When I was younger, I did not really know what ‘grassroots’ meant.
I think I had an impression of grassroots volunteers being the ones flashing their wide smiles at the camera, posing with a spade into the soils of the newly planted trees around different neighbourhoods.
Turns out I couldn’t be more wrong.
(Must be the words ‘grass’ and ‘trees’ at play.)
As I grew older, I realised that being a grassroots member meant more than that.
It also seemed to bring about certain benefits.
I’ve heard gossips from friendly neighbours about having increased chances in primary school ballots by joining this seemingly elusive club.
While most of us have heard of the involvement of grassroots leaders in community events and activities, we probably didn’t look much into it.
Which was what piqued my interest to find out more about this.
What do you have to do to become one, and what could this experience possibly bring you? 🤔
If you’re interested to find out, we hope that this article can help to provide some information on what being in a grassroots organisation means!
What Is a Grassroots Leader?
Let’s begin by first understanding what’s a grassroots organisation.
According to the Cambridge Dictionary,
Grassroots are the ordinary people in a society or organization, rather than the leaders.
Grassroots organisations usually use collective action to drive change at a local, regional or national level.
In Singapore, the People’s Association (PA) is in charge of more than 1,800 grassroots organisations (GROs).
These GROs are managed by volunteers appointed by the PA, who are the grassroots leaders (GRLs).
There are about 38,000 GRLs as of July 2016.
While we usually associate grassroots organisations with Residents’ Committees (RCs), there are in fact a number of organisations to volunteer at.
Some of these grassroots organisations include:
|Grassroots Organisation under the People's Association (PA)
|Function of Organisation
|Active Ageing Council
|Champions the cause of active ageing and creates a supportive environment for active ageing elements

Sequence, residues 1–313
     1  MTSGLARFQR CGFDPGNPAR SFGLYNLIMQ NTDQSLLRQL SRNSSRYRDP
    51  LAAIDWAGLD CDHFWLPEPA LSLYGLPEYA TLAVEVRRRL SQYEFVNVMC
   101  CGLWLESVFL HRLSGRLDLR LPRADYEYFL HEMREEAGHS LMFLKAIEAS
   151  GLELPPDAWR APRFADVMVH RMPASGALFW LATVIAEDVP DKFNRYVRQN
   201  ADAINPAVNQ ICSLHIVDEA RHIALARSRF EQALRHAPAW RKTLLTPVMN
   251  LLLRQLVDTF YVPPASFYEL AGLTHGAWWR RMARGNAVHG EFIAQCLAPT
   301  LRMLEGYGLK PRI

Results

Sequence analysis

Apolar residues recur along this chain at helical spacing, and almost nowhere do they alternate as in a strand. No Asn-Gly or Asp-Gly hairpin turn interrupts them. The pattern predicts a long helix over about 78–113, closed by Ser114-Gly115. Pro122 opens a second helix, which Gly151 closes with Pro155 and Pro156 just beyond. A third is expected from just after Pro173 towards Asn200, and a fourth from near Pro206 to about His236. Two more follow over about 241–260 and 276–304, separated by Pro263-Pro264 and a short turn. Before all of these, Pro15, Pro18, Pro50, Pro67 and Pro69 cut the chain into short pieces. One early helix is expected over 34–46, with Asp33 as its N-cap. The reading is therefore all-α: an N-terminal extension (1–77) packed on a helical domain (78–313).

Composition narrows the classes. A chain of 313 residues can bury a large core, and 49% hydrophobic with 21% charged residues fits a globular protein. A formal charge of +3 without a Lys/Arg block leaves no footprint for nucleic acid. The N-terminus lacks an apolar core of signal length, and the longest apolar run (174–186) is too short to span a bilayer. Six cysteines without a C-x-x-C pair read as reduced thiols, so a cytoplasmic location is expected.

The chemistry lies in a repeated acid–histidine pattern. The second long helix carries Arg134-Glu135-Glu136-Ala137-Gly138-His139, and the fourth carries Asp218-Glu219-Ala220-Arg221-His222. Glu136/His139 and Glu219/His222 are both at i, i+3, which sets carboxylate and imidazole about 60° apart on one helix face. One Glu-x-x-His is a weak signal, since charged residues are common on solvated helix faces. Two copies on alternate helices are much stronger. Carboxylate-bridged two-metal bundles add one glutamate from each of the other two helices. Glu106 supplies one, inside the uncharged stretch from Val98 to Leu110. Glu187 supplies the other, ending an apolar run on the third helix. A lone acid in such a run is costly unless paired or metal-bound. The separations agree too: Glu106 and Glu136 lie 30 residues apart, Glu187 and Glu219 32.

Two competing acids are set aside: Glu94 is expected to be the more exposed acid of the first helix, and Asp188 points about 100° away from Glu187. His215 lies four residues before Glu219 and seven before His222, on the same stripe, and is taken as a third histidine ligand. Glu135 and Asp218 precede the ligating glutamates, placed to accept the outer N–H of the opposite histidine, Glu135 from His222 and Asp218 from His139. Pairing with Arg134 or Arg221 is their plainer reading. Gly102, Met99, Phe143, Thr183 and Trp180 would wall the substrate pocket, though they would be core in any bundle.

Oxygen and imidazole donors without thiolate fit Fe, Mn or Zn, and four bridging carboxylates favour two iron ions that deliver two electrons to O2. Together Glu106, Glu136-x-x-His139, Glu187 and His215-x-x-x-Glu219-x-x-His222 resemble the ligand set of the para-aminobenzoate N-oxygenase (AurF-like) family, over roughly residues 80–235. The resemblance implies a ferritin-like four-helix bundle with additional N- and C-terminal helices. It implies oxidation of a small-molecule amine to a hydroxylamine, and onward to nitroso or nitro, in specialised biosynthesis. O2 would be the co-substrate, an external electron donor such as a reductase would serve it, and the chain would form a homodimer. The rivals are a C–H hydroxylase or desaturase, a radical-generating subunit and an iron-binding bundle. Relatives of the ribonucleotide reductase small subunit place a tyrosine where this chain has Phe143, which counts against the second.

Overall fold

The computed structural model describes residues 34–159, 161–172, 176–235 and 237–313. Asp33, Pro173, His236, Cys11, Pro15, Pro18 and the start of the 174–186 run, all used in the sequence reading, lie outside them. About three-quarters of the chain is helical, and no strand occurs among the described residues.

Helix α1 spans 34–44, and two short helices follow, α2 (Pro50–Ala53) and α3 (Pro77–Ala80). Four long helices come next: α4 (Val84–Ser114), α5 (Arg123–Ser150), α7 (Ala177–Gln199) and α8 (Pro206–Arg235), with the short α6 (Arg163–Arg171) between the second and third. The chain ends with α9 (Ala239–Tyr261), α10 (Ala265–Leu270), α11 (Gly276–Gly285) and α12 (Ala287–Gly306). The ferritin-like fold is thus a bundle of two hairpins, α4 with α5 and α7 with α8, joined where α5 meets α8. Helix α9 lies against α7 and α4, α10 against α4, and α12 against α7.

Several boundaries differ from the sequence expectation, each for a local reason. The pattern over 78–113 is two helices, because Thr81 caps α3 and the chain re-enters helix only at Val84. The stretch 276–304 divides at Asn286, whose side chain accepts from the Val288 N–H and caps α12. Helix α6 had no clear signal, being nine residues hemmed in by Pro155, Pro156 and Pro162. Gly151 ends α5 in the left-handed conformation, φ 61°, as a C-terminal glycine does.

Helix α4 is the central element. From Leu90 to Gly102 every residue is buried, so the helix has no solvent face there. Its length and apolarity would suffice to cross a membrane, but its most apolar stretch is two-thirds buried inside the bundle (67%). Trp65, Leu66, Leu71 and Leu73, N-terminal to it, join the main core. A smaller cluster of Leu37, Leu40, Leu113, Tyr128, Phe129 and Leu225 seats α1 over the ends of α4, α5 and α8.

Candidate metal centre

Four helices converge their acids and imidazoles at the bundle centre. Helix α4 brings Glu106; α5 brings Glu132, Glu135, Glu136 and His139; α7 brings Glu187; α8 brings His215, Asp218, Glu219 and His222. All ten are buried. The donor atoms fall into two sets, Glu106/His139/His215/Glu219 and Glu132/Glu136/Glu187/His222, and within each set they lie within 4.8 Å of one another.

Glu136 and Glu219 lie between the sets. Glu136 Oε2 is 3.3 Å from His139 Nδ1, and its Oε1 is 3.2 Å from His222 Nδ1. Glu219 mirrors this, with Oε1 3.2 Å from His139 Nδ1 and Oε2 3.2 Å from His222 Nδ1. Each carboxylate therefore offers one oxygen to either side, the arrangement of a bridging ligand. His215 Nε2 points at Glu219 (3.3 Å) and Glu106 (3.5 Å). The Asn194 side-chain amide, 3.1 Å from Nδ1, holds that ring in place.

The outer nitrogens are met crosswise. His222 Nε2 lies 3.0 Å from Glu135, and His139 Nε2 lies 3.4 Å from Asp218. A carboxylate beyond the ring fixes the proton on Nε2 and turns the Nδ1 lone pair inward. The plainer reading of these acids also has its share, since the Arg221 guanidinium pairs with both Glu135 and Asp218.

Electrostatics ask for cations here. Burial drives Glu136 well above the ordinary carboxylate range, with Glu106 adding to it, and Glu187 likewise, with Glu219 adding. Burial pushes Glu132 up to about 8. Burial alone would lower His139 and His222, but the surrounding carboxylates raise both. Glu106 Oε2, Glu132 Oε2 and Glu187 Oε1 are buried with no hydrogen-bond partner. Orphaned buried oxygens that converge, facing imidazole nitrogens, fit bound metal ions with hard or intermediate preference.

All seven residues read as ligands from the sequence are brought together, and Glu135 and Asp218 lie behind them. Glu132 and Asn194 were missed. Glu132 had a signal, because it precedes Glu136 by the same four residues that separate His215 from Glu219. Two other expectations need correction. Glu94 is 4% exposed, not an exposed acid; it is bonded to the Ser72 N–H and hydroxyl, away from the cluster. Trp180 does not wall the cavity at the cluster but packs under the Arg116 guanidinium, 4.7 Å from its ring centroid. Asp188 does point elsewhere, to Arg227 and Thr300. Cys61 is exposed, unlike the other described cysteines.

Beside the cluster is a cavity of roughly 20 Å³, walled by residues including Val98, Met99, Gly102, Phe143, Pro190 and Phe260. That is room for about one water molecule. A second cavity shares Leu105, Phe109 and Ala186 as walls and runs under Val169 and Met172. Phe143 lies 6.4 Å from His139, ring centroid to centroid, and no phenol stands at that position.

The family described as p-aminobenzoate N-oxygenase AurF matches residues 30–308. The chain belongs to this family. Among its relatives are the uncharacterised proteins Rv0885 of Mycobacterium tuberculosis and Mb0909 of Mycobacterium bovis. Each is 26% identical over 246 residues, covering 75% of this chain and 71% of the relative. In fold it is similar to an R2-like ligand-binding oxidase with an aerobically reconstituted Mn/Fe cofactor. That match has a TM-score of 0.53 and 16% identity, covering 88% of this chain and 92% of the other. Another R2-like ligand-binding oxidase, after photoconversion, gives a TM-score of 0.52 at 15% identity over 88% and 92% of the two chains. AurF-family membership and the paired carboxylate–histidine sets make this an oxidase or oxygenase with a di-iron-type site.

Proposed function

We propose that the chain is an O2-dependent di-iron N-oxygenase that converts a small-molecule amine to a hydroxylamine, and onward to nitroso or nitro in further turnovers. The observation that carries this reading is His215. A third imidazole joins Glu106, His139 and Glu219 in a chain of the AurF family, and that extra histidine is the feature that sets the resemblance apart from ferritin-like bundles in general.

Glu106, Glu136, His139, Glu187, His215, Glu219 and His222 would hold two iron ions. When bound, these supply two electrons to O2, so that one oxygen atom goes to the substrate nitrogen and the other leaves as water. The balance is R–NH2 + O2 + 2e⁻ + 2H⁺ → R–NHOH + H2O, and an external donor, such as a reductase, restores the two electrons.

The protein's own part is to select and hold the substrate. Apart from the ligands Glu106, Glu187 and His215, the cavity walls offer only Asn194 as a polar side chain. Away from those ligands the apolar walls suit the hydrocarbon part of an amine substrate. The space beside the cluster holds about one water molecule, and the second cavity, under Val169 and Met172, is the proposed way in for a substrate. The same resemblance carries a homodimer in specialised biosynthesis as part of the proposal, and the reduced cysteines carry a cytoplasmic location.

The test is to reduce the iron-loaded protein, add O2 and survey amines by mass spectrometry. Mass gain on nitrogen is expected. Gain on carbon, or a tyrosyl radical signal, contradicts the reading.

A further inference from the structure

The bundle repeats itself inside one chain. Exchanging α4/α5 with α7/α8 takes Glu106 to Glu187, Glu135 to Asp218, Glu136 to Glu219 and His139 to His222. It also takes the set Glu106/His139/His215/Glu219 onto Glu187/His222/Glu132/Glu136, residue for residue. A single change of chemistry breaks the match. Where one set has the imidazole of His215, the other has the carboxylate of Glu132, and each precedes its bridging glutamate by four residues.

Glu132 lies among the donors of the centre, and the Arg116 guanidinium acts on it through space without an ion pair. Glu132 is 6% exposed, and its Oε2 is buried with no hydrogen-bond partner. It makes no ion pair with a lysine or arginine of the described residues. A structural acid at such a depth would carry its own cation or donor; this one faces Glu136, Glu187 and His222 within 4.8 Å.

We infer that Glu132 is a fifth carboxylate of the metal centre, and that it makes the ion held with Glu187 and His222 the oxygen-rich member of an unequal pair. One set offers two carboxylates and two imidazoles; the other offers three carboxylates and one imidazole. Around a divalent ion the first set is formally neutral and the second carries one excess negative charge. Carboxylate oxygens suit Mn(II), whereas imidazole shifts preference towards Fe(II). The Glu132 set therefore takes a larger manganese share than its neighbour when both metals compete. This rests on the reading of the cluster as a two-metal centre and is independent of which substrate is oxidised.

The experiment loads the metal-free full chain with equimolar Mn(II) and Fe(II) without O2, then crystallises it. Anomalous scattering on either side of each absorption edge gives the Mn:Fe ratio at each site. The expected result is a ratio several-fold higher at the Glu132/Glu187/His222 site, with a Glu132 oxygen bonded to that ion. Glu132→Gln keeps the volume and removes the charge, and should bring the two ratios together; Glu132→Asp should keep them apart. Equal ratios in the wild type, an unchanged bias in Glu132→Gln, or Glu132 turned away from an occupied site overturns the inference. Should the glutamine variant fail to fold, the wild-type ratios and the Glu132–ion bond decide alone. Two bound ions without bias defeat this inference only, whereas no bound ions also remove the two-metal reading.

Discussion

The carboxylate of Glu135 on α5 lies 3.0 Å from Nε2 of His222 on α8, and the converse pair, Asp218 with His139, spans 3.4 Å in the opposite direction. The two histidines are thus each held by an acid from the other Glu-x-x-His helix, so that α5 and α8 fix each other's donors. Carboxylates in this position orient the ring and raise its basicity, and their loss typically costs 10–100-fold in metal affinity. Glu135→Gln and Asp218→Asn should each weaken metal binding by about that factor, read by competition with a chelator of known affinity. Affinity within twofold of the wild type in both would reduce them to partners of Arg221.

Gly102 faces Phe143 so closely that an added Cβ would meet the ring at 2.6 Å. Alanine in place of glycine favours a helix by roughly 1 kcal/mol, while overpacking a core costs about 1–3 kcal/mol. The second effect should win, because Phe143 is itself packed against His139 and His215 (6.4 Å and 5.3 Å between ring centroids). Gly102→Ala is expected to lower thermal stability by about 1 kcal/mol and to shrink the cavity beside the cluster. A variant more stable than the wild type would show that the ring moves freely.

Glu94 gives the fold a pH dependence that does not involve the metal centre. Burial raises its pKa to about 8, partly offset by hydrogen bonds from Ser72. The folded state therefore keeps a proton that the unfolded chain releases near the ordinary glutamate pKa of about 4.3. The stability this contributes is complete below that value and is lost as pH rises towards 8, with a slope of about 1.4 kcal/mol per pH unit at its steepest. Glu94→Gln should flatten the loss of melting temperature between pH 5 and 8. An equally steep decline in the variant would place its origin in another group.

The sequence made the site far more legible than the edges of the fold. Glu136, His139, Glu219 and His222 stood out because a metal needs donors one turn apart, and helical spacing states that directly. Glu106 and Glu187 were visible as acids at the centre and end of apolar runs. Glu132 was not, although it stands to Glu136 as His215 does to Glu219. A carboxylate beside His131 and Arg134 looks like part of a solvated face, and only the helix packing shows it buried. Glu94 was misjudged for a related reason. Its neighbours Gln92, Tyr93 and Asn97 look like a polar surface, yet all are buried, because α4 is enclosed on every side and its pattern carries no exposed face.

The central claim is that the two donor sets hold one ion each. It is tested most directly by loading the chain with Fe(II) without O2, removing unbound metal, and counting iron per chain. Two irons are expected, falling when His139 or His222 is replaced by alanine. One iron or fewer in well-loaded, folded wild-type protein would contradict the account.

|Community Club Management Committees (CCMCs)
|Help build, manage and maintain all our Community Clubs (CCs)
|Community Sports Clubs (CSCs)
|Foster community bonding through a wide array of sports activities for residents to participate and interact with one another
Flagship programmes include the PAssion Children’s Football Programme, the Singapore Community Games (SCG) and the Community Sports Day (CSD)
|Community Sports Club Council (CSC Council)
|Foster community bonding through sports in collaboration with the Community Sports Clubs (CSCs), other grassroots organisations and other sporting bodies
|Community Emergency and Engagement (C2E) Committees
|Organises exercises and Emergency Preparedness (EP) activities to stay prepared and ensure operational readiness during emergencies
Partners various government emergency authorities to educate public about Community EP
|Citizens' Consultative Committees (CCCs)
|Plan and lead major grassroots activities within the constituency, oversee local assistance programmes, and organise major fund-raising projects and national campaigns
|Malay Activity Executive Committees Council (MESRA)
|Guide Malay Activity Executive Committees (MAECs) in engaging the community through a wide range of outreach programmes
Assist MAECs and other GROs to identify and recruit suitable Malay grassroots leaders
Facilitate collaborations between MAECs and other GROs in the larger community
|Guide Indian Activity Executive Committees (IAECs) in engaging the community through a wide range of outreach programmes
Assist IAECs and other GROs to identify and recruit suitable Indian grassroots leaders
Facilitate collaborations between IAECs and other Grassroots Organisations (GROs) in the community
|Improve the social and physical environment in their private housing estates
Promote neighbourliness, harmony and cohesiveness amongst residents
Connect with and make recommendations to government authorities on the needs and aspirations of residents
|People’s Association Youth Movement (PAYM)
|Offers a wide spectrum of interesting and meaningful programmes and initiatives to excite, engage and empower the youths aged 12 to 35
|Residents’ Committees (RCs)
|Promote neighbourliness, racial harmony and community cohesiveness amongst residents within their respective RC zones
Work closely with other grassroots organisations and various government agencies to improve the physical environment and safety of their respective precincts
|Residents’ Networks (RNs)
|Promote greater social mixing between residents across all ages, races and all estates in the Designated Zone, similar to the RCs and NCs
|Residents’ Network (RN) Council
|Enhance the capabilities of RCs, NCs and RNs in promoting neighbourliness through outreach and engagement initiatives
Spearhead innovative programmes and refreshing initiatives to raise awareness of RC, NC, RNs at the national level
|Women’s Integration Network (WIN) Council
|Win women over to join grassroots organisations (GROs)
Inspire women to take leadership positions in GROs
Nurture women to play an active role in society and the community
Be it in sports, youth activities, or helping those in need, these grassroots organisations offer an opportunity for passionate individuals to volunteer at.
What Do You Have To Do as a Grassroots Leader?
So what are some of the responsibilities you have as a grassroots leader?